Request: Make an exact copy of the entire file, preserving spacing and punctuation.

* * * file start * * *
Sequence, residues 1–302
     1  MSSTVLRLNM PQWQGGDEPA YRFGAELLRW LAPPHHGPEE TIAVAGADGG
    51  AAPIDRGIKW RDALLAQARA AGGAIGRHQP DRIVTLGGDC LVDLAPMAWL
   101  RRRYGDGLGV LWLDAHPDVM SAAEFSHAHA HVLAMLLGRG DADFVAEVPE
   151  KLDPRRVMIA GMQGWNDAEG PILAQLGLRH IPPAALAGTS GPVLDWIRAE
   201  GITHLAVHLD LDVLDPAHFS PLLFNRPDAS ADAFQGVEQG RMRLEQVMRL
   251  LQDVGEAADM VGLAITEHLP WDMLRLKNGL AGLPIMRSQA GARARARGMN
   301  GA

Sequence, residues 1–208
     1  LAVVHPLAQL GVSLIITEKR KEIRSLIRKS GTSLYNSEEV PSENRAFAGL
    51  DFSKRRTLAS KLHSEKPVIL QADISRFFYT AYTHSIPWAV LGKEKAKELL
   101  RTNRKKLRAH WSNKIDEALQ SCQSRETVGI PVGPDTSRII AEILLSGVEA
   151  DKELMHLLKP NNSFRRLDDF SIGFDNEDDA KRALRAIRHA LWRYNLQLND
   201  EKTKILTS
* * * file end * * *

Sequence, residues 1–302
     1  MSSTVLRLNM PQWQGGDEPA YRFGAELLRW LAPPHHGPEE TIAVAGADGG
    51  AAPIDRGIKW RDALLAQARA AGGAIGRHQP DRIVTLGGDC LVDLAPMAWL
   101  RRRYGDGLGV LWLDAHPDVM SAAEFSHAHA HVLAMLLGRG DADFVAEVPE
   151  KLDPRRVMIA GMQGWNDAEG PILAQLGLRH IPPAALAGTS GPVLDWIRAE
   201  GITHLAVHLD LDVLDPAHFS PLLFNRPDAS ADAFQGVEQG RMRLEQVMRL
   251  LQDVGEAADM VGLAITEHLP WDMLRLKNGL AGLPIMRSQA GARARARGMN
   301  GA

Sequence, residues 1–208
     1  LAVVHPLAQL GVSLIITEKR KEIRSLIRKS GTSLYNSEEV PSENRAFAGL
    51  DFSKRRTLAS KLHSEKPVIL QADISRFFYT AYTHSIPWAV LGKEKAKELL
   101  RTNRKKLRAH WSNKIDEALQ SCQSRETVGI PVGPDTSRII AEILLSGVEA
   151  DKELMHLLKP NNSFRRLDDF SIGFDNEDDA KRALRAIRHA LWRYNLQLND
   201  EKTKILTS